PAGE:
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Day 3 Evening Update

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A brief round-up; I’ll have more tomorrow on Russia-NATO and Russia-US relations specifically. At this point the situation in Georgia doesn’t seem to have changed radically from what it was this afternoon.

Galrahn has an update on the situation in the Black Sea.

Charli Carpenter talks about the casualty count.

Charlie Whitaker makes an extremely important point regarding Russian military and economic power:

For example, shells fired from a Leopard 2 will likely pass clean through the hull of a T-80, but not vice versa. (Korolev’s rocket designs were good, admittedly.) It’s only because military investment was such a high priority in the USSR that we see today’s Russia in possession of a variety of functional materiel.

Now that we can measure it,* we find that Russia’s GDP is approximately equal to that of Portugal (which is not to knock Portugal). Much of Russia’s wealth comes from resource extraction: in other words, Russia is not making stuff. Is it thinking stuff instead? Well, is there a nascent biotech or semiconductor industry in Russia today? (Or is there maybe some other, more esoteric kind of activity that hasn’t yet permeated popular consciousness?) How are Russian universities doing?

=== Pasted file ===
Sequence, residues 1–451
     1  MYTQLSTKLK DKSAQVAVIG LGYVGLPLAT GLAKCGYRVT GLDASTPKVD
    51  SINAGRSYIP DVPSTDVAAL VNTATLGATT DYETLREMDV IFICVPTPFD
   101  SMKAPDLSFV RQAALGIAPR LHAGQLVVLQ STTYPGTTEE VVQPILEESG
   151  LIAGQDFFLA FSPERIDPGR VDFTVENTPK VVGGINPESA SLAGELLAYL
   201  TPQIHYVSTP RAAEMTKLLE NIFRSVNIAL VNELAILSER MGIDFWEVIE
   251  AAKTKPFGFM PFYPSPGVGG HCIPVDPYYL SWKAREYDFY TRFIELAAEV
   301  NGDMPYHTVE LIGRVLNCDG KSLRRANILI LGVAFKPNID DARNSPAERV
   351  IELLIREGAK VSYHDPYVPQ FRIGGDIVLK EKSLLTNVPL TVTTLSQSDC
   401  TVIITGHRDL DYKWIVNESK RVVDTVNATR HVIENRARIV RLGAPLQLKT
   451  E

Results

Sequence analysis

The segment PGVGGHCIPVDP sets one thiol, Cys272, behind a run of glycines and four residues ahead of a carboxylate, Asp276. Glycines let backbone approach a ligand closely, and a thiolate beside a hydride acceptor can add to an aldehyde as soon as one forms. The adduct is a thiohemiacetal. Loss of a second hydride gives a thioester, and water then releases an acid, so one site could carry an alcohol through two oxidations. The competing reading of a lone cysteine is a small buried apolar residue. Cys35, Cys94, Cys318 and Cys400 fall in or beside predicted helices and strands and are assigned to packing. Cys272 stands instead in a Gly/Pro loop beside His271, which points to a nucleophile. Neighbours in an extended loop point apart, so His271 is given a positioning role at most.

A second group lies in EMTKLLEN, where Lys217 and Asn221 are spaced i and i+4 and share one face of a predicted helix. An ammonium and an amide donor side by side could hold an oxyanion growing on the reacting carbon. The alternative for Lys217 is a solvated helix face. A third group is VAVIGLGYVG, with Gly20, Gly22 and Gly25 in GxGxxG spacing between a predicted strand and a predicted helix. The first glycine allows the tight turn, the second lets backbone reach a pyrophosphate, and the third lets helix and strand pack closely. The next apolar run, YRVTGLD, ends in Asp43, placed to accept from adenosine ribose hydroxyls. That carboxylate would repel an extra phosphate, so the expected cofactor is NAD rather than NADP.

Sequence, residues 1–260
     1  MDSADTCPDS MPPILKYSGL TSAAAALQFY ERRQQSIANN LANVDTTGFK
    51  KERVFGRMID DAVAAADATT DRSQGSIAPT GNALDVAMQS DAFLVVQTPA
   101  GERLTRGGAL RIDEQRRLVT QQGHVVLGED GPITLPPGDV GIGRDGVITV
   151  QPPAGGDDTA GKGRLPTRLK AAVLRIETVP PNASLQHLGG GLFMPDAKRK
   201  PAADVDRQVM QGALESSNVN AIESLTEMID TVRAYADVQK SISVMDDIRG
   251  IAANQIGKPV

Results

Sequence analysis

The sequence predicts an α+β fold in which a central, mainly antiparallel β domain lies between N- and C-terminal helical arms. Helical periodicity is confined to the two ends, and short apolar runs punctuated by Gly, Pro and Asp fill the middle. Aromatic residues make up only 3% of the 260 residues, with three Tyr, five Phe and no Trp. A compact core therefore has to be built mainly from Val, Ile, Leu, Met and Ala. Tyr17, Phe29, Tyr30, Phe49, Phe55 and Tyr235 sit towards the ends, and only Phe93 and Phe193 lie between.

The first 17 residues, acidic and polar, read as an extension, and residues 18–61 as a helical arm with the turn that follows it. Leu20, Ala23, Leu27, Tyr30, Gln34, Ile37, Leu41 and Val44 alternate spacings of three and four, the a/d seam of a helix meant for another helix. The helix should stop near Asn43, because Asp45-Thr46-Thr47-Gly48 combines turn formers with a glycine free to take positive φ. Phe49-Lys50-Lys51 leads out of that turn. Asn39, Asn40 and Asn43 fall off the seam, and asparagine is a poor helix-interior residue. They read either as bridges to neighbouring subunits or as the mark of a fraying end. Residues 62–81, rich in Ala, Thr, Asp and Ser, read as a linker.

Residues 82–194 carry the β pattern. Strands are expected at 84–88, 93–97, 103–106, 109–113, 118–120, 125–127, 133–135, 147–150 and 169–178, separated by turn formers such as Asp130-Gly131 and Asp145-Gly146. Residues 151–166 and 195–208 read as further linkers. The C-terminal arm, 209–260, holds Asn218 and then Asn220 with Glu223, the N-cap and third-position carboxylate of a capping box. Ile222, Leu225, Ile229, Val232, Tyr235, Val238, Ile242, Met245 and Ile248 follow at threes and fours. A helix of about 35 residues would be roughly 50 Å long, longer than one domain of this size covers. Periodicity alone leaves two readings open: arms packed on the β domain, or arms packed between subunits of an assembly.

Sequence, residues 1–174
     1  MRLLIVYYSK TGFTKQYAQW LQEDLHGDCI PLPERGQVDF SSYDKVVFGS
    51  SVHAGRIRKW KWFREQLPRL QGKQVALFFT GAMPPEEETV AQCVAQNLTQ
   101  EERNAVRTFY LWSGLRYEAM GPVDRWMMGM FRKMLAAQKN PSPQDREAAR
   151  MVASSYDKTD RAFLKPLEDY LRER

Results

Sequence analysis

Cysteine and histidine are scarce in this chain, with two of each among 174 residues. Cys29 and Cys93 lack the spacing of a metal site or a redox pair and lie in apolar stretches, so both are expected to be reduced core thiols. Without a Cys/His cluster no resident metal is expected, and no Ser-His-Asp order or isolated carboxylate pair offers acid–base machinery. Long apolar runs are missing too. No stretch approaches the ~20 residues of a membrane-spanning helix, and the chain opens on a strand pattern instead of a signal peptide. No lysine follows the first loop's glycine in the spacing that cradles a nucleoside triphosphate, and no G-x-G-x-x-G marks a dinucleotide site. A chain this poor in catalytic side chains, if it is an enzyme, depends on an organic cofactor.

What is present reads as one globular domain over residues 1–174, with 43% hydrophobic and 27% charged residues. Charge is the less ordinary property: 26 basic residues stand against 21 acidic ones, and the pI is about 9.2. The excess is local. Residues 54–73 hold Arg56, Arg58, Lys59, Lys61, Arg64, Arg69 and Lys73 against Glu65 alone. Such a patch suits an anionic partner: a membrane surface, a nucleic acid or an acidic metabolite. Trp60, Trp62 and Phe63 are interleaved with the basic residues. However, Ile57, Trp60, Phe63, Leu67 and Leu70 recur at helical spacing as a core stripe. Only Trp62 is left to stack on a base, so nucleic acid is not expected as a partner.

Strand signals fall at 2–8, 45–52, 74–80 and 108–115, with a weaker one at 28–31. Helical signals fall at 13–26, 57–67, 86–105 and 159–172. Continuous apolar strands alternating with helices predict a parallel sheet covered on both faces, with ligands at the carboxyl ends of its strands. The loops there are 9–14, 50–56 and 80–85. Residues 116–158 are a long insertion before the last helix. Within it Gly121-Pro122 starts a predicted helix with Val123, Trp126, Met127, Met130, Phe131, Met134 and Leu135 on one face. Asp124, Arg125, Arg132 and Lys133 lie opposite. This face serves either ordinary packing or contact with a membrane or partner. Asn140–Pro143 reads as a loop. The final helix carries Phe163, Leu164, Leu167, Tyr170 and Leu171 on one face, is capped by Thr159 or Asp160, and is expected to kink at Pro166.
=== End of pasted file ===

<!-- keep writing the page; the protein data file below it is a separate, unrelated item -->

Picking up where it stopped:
Russia is fairly populous, although no one would call it densely populated. However, its population is shrinking; in part, because it is not a healthy country.

So we’re left with territory – Russia borders a lot of places – and with its military, which still has some potency. Put those two together, and maybe it’s not surprising that some Russian tanks will pop across the border from time to time. Or at least, they’ll want to.

Right. Russia has taken advantage of the extraordinary price of oil to somewhat revitalize its military establishment, but the equipment it’s using in front line units is still a generation behind Western (to say nothing of American) capabilities. And the Russian economic and social situations remain, fundamentally, a mess. I think that the Russian economy has a sounder foundation now than in the 1990s, and I think that Russia will be able to enjoy high energy prices for the foreseeable future, but it’s simply not the case that the Soviet Empire has rebuilt itself while we weren’t paying attention. This is a point that we risk losing in the next few days as the McCain campaign continues to structure itself around calling for the return of the Cold war.

I just recorded a Bloggingheads on Russia-Georgia with Jacob Heilbrunn; I’ll link as soon as it goes up.

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